It was peculiar, I have to tell you. Throughout most of the spring we kept hearing scratching noises through the walls from the ceiling above our bedroom. We live outside Boston where there isn't a whole lot of mammal wildlife besides squirrels, mice, and sometimes skunks. So I figured it was mice up in the attic. I set some traps. I don't like killing them, I really don't, but when they get in the house, I worry; we have three kids.
Anyway, for months I wasn't catching anything in the traps. That's strange. In the past whenever I've had to set traps I've always found mice in them the next day. This time cheese didn't work, and neither did peanut butter. So finally in the beginning of July, I went up there again to have a look, and there they were--bats. Yikes, bats! A whole family, I supposed. Under the glare of my flashlight, they stretched their wings and yawned. I could see the insides of their little pink mouths.
Bats! A bat can consume up to 600 mosquitoes in an hour, I learned from an article I found by Merlin Tuttle in an old National Geographic. I wasn't worried about mice anymore. I loved having my bats up there in the attic, winging out over the yard at night, wiping out hordes of insects, coming in from the ponds and streams in the preserve land out back.
I sprung into action, found some books and your web site, and called and joined Bat Conservation International.
We had some fun, us and the neighbors, setting up chairs on the deck, sipping tea, watching at the break between daylight and dark as our guests dropped silently from the corner of the house above the gutter, and whooshed off into the trees. Twelve we counted in all, maybe 13, a whole colony of bats living in the attic above our bedroom. But alas, that lasted for only two nights. On the third night, only one or two bats came out.
What happened? Does anyone know where our bats went? This was July in Boston. Do they fly south? Did my flashlight make them feel unwelcome? We wracked our brains for weeks, then I finally figured it out. It was a fund raising party sent by you guys: the troop flies in, scratches around a bit, gets us to fall in love with them and send a check for $40, then off they go on their way to another family.
Good job, Bats! Really a smart idea! Seriously, though, it's good to be a member of your terrific organization.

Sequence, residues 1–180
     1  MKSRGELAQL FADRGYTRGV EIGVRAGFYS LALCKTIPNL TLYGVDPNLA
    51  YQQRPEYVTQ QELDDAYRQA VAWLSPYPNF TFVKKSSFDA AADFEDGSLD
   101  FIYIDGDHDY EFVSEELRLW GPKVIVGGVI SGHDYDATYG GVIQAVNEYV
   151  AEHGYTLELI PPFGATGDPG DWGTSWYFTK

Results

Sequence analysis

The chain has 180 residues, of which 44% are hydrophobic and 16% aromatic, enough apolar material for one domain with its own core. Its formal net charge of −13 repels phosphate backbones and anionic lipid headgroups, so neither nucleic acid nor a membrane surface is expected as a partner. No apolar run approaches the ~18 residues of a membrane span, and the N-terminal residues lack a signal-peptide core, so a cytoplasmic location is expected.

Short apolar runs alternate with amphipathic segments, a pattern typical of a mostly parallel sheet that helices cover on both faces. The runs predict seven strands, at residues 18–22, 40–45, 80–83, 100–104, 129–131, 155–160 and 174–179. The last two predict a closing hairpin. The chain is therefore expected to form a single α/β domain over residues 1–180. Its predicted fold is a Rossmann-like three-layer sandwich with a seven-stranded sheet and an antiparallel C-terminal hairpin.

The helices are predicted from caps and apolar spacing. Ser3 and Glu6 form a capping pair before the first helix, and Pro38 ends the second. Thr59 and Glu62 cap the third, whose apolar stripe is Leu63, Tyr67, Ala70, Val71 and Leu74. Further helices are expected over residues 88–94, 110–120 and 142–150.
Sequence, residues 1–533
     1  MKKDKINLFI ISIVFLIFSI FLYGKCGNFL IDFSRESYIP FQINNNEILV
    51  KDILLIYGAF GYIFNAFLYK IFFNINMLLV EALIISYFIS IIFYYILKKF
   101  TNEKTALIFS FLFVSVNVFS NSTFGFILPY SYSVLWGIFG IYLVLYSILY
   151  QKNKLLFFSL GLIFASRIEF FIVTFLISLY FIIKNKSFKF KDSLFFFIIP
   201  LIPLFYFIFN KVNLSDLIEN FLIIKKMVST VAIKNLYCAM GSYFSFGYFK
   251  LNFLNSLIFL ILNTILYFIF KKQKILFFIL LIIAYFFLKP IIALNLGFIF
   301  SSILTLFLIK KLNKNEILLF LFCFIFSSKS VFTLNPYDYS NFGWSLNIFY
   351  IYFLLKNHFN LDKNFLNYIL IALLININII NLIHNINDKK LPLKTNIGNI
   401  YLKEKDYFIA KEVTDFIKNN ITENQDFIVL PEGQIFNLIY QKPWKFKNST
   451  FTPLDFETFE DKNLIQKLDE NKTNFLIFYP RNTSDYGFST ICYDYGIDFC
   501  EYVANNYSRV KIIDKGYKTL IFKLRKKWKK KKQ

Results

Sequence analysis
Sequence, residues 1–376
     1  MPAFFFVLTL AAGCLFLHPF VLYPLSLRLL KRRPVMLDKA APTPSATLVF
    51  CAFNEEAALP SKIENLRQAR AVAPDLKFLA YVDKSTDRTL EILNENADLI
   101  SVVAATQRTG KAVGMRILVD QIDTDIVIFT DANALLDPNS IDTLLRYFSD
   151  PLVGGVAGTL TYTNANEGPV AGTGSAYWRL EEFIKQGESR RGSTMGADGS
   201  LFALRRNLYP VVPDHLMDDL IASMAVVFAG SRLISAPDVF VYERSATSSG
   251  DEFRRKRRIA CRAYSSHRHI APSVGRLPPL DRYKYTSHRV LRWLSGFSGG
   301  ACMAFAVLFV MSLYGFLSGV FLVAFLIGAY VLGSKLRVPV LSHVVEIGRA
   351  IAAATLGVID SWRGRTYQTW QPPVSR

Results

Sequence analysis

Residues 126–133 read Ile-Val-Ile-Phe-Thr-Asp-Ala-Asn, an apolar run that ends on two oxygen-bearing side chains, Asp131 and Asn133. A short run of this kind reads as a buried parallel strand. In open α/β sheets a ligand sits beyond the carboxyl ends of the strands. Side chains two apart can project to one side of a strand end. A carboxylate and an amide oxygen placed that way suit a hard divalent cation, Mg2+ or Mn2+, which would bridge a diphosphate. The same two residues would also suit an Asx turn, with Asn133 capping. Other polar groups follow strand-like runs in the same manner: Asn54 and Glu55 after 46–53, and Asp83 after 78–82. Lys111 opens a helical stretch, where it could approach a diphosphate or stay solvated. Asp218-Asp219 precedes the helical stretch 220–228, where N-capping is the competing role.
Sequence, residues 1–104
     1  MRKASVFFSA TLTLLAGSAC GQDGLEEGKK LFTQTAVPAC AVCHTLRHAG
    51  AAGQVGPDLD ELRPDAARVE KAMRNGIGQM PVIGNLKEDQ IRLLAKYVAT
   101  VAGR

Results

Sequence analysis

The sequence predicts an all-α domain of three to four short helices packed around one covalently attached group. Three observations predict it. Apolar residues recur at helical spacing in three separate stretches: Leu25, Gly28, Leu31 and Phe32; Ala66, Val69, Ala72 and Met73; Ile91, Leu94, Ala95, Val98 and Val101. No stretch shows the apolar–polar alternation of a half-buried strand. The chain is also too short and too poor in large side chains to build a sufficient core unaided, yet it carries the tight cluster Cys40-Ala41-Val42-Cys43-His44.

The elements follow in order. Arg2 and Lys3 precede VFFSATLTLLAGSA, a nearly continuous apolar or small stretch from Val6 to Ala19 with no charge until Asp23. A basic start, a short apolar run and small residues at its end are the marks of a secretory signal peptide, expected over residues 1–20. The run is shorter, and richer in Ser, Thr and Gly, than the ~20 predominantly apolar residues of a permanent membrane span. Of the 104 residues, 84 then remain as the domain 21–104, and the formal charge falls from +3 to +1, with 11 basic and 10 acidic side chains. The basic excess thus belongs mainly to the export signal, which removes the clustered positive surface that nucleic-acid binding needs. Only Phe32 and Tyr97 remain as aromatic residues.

Dear Mr. Estabrook,
We feel so silly--all this time we've been trying to train bats to sell cookies door to door; we didn't realize they only needed to show up and look cute!
In all seriousness, it's not unusual or surprising that the bats left your attic in mid-season. From your description, it sounds as though you had a bachelor colony. Such groups are not tied down to rearing young, and often move among a series of roosts over the course of a season. There is a good chance they will return at about the same time in years to come, so keep your eyes and ears open!
If you'd like to enjoy more predictable residents, you might consider providing bat houses, especially nursery houses. Odds are quite good that you could attract dozens or even hundreds of mother bats. A nursery colony is more likely to remain for the whole summer, offering you regular evening entertainment.
We particularly recommend you set up a back-to-back pair of houses between two poles. Following guidelines from BCI's Bat House Builder's Handbook and Bat House Researcher newsletter, you should mount the houses in a sunny location as near as possible to the bats' attic exits.
Bat houses, bat house kits, the Handbook, and subscriptions to the Researcher newsletter are all available through the BCI catalog at 1-800-538-BATS (in the U.S.) or 512-327-9721. Good luck in your future as a bat landlord!
BCI thanks John O'Hara of Philadelphia, PA, for his contribution this spring toward the purchase of much-needed photographic gear.